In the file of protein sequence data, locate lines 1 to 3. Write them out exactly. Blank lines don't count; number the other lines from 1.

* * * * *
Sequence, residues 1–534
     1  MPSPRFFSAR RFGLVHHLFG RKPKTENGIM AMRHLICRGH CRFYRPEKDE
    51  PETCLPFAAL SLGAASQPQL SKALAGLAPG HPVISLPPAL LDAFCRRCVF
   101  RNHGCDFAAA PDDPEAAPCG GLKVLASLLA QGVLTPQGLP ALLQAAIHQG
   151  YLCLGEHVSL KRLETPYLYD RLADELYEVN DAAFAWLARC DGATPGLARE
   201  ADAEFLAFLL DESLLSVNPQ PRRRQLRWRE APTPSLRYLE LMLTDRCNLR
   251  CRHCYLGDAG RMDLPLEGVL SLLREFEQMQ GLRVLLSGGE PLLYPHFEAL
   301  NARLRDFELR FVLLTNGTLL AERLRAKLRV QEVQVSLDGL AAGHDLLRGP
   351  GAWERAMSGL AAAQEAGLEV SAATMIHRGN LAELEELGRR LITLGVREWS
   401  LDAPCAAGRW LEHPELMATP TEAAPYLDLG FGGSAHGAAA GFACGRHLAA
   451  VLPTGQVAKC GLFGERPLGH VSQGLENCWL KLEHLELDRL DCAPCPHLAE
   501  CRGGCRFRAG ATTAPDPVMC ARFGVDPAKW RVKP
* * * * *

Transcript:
Sequence, residues 1–534
     1  MPSPRFFSAR RFGLVHHLFG RKPKTENGIM AMRHLICRGH CRFYRPEKDE
    51  PETCLPFAAL SLGAASQPQL SKALAGLAPG HPVISLPPAL LDAFCRRCVF